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Subterranean Park Could Grow in Former LES Trolley Terminal

By Patrick Hedlund | September 21, 2011 11:49am | Updated on September 21, 2011 11:52am

LOWER EAST SIDE — A group that has unveiled a new project to create an underground oasis in an abandoned trolley terminal beneath Delancey Street will present its ambitious proposal to the local community board Wednesday night.

The project, called Delancey Underground, seeks to transform the disused, nearly 2-acre terminal beneath the foot of the Williamsburg Bridge into a functional park space, using solar technology to channel sunlight underground to grow trees and other plants.

The plan comes courtesy of James Ramsey, a former NASA engineer and founder of the design an architecture firm RAAD Studio; Dan Barasch, vice president of PopTech, which is focused on providing socially innovative technology; and R. Boykin Curry IV, a partner at a New York investment firm who also co-founded the Lower East Side’s Girls Prep Charter School.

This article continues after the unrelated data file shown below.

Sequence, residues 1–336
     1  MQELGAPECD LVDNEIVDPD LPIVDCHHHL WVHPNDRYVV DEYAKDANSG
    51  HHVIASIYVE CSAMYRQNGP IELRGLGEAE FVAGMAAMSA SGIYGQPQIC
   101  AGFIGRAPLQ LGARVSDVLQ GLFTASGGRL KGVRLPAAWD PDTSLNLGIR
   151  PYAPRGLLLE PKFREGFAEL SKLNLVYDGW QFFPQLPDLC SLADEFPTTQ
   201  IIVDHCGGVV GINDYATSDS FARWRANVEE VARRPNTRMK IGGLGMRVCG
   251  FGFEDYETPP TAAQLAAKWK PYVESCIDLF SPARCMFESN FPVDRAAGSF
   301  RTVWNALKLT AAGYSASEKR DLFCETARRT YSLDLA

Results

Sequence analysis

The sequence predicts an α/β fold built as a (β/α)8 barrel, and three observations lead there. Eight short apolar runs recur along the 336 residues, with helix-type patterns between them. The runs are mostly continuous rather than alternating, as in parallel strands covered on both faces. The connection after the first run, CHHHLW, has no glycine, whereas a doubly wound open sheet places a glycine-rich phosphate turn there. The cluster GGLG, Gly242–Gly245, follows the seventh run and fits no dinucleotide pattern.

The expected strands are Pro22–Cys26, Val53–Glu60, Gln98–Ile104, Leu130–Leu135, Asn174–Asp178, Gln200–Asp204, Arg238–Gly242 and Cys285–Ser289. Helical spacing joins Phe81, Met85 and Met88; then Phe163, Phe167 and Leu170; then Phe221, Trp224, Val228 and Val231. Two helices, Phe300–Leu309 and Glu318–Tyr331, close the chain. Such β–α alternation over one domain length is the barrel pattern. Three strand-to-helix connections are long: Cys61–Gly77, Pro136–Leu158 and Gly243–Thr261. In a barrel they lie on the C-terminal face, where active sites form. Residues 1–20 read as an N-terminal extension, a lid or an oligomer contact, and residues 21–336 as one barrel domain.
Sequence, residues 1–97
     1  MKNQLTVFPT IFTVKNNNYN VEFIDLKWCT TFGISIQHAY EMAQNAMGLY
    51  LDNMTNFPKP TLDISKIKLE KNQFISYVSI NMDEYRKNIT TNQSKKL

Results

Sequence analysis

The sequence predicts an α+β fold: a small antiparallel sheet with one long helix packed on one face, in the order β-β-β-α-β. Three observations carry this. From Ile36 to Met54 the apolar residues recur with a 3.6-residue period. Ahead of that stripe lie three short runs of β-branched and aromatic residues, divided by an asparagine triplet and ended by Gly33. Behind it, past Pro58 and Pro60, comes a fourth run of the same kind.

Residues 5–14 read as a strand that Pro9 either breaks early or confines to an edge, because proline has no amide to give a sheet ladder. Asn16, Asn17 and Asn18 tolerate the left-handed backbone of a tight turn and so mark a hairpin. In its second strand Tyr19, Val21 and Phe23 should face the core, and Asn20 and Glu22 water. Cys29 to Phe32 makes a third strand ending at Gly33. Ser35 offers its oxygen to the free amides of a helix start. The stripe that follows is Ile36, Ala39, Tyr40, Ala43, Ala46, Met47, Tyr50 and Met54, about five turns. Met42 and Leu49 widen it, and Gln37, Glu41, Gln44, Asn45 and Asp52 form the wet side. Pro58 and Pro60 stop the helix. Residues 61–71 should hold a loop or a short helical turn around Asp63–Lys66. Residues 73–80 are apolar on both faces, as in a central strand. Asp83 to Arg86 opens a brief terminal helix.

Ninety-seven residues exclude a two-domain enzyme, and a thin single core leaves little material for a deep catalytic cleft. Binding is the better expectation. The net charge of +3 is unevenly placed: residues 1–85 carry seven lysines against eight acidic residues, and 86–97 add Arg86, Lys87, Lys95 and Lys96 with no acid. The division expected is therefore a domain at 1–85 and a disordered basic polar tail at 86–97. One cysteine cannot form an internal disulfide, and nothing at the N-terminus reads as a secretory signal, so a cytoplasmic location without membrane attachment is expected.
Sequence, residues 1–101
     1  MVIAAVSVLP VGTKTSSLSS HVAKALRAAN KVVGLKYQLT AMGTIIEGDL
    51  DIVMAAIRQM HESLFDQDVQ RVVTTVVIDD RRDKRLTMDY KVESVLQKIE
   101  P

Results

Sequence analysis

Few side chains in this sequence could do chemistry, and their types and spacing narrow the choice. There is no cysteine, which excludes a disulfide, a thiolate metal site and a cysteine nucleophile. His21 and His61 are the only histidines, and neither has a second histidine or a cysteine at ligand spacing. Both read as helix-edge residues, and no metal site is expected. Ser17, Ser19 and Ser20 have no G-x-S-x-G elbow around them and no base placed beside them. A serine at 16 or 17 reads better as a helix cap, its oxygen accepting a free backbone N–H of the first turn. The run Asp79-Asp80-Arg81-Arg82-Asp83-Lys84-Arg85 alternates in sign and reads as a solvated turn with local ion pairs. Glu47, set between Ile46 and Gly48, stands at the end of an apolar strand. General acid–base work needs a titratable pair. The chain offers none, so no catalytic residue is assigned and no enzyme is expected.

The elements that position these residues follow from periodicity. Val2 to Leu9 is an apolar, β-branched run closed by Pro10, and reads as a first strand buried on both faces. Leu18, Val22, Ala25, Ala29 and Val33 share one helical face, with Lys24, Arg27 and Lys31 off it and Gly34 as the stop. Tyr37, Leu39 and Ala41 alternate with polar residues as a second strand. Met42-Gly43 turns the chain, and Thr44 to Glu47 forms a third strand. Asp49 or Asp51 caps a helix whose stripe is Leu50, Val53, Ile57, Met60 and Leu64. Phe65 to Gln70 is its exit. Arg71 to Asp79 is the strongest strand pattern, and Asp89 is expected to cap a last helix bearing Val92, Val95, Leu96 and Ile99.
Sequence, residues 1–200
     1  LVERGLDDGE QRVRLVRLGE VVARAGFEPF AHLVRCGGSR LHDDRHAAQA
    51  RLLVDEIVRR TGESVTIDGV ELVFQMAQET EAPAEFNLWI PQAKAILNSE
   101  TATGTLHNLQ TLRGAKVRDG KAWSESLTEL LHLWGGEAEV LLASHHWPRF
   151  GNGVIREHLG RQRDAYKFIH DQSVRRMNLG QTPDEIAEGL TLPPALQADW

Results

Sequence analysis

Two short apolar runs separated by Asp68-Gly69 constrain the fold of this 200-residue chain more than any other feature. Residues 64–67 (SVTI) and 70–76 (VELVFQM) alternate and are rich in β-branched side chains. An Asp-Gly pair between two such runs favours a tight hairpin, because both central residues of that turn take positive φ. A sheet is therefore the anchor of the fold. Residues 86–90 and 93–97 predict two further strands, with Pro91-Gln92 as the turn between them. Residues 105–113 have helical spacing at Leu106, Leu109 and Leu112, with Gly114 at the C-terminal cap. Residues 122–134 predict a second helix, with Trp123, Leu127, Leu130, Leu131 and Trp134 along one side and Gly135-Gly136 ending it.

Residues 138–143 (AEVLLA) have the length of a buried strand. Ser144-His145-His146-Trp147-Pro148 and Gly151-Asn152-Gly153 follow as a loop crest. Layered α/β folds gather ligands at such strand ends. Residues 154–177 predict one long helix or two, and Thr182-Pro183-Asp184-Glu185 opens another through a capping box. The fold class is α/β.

A recently launched website for the project includes renderings featuring the subterranean space filled with a lawn and pools, walkways and seating, as well as trees and plantings sitting below built-in solar roofs.

The terminal itself, abandoned in 1948, is property of the MTA, which has been open to discussing the project, New York Magazine and The Lo-Down reported.

The area around the terminal is part of the Seward Park Urban Renewal Area (SPURA), a swath of vacant lots whose future development is currently being debated by Community Board 3.

The team will discuss the Delancey Underground project with the board’s land use committee at 6:30 p.m. Weds., Sept. 21, at University Settlement’s Speyer Hall, 184 Eldridge St.